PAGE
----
How Do We Respond To Population Growth? - Guidelines Devotional
July 3, 2020

How Do We Respond To Population Growth?

Speaker: Bonnie Sala | Series: Guidelines For Living | For God so loved the world that he gave his one and only Son, that whoever believes in him shall not perish but have eternal life.  John 3:16

Defining the problem is easy; knowing what to do about it is the difficult part.  Every time the earth circles the sun, there are 360,000 new people that have been born.  United Nations data projects that there will be 11 billion people by 2100.  These figures, of course, are statistics–numbers which scientists, biologists, and demographers argue over.  They draw lines and battle over how many people the earth can sustain versus our human potential to provide for a growing population through science and technology.

But how does God look at these numbers?  Is He indifferent to what is happening?  Has He gone back into His heaven and closed the door, thinking, “They’ve messed it up pretty badly down there, let them figure it out?”

God is little concerned with statistics, but He is greatly concerned with people.  Statistics represent people, families such as the Lees, the Patels, the Ivanovs, the Smiths, and the Kims.  We are born not in numbers of tens of millions but one at a time as a baby comes into the world.

Those of us who take what God says in His word seriously, must also take what is happening in our world the same way.  It should never be just the scientists who take population growth seriously, but every Christian, who believes that people are important to God.

Many of Jesus’ most significant conversations took place with only one or two individuals.  Consider the kitchen conversations which Jesus had with Mary, Martha, and brother Lazarus, or the nighttime dialogue of Jesus with Nicodemus. Or what of the long conversation which took place between Jesus and a woman of less-than-perfect background at the well of Sychar, recorded in the Bible book of John 4.  On one occasion Jesus took His disciples and walked a distance of at least 100 kilometers or 60 miles from His home base to talk to a Greek woman who was considered by Jesus’ Jewish peers as low socially as a stray dog.  She was important to Jesus, and there is no record that Jesus spent time with anyone else on this trip, save this one lone woman.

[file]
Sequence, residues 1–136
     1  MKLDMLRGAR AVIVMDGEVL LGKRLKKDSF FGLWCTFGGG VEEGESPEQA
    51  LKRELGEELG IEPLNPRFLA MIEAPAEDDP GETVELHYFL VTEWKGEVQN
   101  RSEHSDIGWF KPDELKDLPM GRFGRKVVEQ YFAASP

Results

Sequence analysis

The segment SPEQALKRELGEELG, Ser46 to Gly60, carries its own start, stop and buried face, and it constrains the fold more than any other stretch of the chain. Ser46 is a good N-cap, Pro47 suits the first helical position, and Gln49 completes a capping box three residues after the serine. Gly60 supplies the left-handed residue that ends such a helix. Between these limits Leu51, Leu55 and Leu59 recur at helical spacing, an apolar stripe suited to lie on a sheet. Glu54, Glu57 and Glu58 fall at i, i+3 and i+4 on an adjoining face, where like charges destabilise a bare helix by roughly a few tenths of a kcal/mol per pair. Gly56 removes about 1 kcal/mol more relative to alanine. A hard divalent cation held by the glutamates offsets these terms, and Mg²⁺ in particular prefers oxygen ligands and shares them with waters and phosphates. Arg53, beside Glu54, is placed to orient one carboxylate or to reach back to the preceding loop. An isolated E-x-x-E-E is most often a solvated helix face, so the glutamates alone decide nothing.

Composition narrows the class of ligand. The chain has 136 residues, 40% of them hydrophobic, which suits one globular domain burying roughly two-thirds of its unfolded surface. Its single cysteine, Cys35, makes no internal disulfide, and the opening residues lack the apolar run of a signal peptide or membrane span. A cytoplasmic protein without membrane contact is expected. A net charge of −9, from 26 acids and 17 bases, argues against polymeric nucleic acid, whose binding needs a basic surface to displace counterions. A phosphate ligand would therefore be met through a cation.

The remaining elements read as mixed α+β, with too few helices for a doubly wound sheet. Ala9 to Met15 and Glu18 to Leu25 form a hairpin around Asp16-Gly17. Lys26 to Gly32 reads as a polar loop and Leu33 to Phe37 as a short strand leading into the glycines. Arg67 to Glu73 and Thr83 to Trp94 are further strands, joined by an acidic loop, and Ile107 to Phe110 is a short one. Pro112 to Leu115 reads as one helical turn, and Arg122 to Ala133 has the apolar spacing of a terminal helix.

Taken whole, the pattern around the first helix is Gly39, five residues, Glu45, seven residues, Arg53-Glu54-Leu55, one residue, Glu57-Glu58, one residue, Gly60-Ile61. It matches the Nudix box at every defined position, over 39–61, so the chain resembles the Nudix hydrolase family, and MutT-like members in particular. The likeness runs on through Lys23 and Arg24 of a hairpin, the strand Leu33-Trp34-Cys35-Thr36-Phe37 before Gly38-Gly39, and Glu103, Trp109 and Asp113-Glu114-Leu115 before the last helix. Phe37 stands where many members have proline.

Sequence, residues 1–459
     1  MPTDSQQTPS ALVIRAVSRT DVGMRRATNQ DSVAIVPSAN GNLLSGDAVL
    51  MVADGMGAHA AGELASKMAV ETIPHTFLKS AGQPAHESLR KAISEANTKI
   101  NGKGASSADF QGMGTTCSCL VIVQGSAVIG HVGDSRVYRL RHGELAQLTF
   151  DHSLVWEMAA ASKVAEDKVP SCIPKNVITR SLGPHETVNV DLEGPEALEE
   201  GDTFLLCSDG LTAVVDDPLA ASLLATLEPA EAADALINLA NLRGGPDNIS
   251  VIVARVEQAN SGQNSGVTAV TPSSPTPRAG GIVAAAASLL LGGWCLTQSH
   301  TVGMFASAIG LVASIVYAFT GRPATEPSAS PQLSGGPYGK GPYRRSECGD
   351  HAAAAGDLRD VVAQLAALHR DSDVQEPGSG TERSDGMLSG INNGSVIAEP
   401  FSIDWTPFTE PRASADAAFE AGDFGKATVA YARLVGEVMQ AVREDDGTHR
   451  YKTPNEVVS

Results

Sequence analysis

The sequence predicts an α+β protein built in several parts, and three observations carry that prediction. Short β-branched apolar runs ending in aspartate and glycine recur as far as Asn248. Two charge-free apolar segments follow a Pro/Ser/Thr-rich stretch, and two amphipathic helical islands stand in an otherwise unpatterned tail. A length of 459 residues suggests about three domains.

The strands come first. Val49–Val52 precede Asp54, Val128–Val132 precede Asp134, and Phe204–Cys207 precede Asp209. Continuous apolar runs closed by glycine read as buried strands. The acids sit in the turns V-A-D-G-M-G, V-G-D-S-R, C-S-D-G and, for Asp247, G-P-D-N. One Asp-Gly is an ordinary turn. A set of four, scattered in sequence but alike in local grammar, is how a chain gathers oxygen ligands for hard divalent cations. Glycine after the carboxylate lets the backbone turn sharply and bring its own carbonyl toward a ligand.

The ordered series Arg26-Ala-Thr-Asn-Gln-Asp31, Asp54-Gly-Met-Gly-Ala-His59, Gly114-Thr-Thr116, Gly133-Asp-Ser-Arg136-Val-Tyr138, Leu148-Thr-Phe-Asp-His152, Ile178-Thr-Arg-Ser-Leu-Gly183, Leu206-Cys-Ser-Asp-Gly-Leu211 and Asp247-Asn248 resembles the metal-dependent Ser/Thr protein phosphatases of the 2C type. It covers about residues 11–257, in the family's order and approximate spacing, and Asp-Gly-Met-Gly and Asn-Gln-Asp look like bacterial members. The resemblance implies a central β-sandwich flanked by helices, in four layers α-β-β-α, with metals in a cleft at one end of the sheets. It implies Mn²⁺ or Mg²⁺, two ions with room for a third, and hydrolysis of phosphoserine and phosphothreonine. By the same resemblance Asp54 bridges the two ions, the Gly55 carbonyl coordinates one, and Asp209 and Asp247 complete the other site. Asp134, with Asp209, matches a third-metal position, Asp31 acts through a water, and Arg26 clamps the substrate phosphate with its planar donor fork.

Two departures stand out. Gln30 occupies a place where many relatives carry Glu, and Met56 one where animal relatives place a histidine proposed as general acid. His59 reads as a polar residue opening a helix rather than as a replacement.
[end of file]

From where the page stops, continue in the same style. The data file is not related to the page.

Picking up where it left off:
Perhaps the most well-known verse in the Bible, John 3:16, gives us something of the feelings of the heart of God towards the masses of the world.  Remember, “For God so loved the world that he gave his one and only Son, that whoever believes in him shall not perish but have eternal life.”

But loving the world generically is not enough.  In his book, The Taste of Joy, Calvin Miller wrote, “Christians state glibly that they love the whole world, while they permit themselves animosities within their immediate world.  World love is a philosophical credo.  But loving the world at large can only be done by loving face to face the world that is not so distant.  It is foolish to say, “We love humanity; it’s people we can’t stand.”

No child of God can shut his mind or purse to the needs of families around the world today.  No, God has not gone back to heaven and closed the door.  He has given clear instruction to His children to respond to the suffering, the hungry, and the needy in His name as His representatives.

Have you heard the phrase, “the hands of God are often found at the end of your own arms?”  He has none other through whom He sends help and healing.

Who around you, in your workplace, in your neighborhood or on the other side of the city you live in, has needs that you could meet?  Can’t think of any?  Look harder.  Call your church or a local community organization. Sharing John 3:16 might begin with a meal, a package of diapers or a ride to the doctor.

Resource reading: John 3:16-21

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